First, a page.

The Rugby World Cup starts next Friday (September 20) when hosts Japan take on Russia at 11.45am.
There’s a marvellous tournament in prospect, but a slight downside for England rugby fans is the times of the matches. Given the eight-hour time difference with Japan a lot of the games will be in the morning for Londoners.
What times are England’s group matches in the Rugby World Cup? They play Tonga on the first Sunday (22nd) at 11.15am; then it’s the USA at 11.45am on Thursday the 26th when many of us will be at work; the next two, fortunately for workers, are both on a Saturday – Argentina 9am on the 5th of October and France 9.15am on the 12th. All matches will be screened on ITV.
So, what are England’s chances of winning the Rugby World Cup? Well, according to a survey by pub company and brewer Greene King, just 14% of Brits think the England boys can bring home the silverware from this year’s World Cup. A quarter think favourites New Zealand will be the 2019 champions!
I don’t doubt these results, but it seems to be a national characteristic to say “it won’t be us” while crossing our fingers and saying inwardly “but I hope we can do it”. My opinion – and the odds from the bookies suggest they agree – is that second-favourites England are in with a real chance, perhaps the best since we won it in 2003. There, that will have put the mockers on them.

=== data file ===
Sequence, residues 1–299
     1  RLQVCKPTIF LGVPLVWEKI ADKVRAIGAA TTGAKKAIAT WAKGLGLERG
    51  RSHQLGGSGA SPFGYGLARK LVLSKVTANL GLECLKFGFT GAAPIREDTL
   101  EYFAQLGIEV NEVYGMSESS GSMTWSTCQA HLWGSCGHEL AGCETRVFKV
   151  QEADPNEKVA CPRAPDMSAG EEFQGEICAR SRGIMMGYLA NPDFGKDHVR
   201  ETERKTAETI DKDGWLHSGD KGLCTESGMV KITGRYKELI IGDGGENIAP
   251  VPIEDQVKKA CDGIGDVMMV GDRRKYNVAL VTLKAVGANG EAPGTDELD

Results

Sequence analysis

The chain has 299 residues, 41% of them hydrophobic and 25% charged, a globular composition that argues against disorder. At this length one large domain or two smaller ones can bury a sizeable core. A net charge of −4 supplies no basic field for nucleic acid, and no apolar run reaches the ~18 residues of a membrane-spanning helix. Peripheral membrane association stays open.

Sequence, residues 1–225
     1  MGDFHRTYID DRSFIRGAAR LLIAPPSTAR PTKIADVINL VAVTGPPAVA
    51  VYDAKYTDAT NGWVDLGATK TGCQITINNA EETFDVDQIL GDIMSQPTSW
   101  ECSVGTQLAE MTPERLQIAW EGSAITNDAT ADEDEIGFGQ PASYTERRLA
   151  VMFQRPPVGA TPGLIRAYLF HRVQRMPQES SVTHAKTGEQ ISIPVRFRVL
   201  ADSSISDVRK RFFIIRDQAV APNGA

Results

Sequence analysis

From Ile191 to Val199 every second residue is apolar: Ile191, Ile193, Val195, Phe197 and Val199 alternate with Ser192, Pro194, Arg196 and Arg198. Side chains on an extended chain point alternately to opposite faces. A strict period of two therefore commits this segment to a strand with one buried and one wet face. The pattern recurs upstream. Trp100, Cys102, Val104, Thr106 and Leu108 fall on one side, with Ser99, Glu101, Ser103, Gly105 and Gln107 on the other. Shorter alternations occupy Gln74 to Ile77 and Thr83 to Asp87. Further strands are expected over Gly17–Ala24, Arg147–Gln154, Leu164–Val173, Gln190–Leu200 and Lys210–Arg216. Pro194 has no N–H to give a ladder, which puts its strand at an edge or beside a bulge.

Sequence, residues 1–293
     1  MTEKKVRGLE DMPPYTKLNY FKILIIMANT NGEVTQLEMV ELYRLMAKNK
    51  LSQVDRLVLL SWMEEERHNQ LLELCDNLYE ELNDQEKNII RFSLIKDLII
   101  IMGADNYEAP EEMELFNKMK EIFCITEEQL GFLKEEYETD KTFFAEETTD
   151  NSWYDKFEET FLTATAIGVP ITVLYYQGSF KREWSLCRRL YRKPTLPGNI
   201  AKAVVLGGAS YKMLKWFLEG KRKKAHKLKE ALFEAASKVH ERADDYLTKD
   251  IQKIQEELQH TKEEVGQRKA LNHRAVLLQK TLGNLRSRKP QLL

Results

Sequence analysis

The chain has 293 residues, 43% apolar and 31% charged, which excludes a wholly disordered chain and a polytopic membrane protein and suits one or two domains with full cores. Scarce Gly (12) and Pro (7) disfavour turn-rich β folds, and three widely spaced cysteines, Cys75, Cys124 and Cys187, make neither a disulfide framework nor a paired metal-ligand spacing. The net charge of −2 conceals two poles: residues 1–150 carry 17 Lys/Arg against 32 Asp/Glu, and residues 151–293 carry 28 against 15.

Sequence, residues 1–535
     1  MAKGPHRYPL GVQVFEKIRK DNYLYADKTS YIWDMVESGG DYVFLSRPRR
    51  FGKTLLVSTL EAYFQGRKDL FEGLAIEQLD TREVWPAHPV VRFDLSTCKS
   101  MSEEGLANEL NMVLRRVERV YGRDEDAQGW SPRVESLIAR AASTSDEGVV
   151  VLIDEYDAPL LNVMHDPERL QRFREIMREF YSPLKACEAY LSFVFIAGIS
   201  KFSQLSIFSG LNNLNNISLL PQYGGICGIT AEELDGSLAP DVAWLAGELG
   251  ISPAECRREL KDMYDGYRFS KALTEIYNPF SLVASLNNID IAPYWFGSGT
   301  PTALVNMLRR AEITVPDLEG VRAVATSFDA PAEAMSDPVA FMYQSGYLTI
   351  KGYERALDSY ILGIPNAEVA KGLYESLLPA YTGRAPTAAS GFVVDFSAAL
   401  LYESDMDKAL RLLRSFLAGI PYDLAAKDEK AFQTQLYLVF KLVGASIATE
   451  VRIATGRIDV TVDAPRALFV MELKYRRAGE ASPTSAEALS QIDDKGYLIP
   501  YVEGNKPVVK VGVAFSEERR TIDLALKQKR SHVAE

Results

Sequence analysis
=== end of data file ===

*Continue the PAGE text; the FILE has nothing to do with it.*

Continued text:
Of course, last time out on home soil England screwed up royally and didn’t even make it out of the group stages making them the first hosts to be knocked out at that early stage. Maybe Japan will follow this time.
Back to that poll. Less than half of those asked (43%) do believe England will reach the semi-finals, with almost one in four believing that Wales will be in the mix as well. Most fans are backing New Zealand as the favourites to get to the semis and more than a quarter (29%) think Australia have a really good chance of getting there also.
Bookies are backing All Blacks to win the tournament (11/8) followed by England (9/2), South Africa (9/2) and Ireland (9/1).
When it comes to watching the games, 40% of those polled would prefer to watch the tournament at home, whereas more than a fifth (22%) say the ultimate place to watch the rugby is at the pub with mates as they can soak up the atmosphere. The prospect of drinking a couple of pints while watching the game appealed to 17%, while one-in-20 would admit to having five or more during in a match!
Starting out on a five pints session at 9 in the morning might be off-putting to some – and that’s if the pubs are open (see note at foot of article).
Former England International, Andy Goode, says: “Rugby brings people together more than any other sport – whether that’s down your local for some friendly competition with your mates, or at the stadium itself. It doesn’t matter who you are or where you’ve come from, it’s all about the atmosphere and the thrill of the game!”
London’s two clubs, Harlequins and Saracens – the latter especially – will be well represented at the tournament.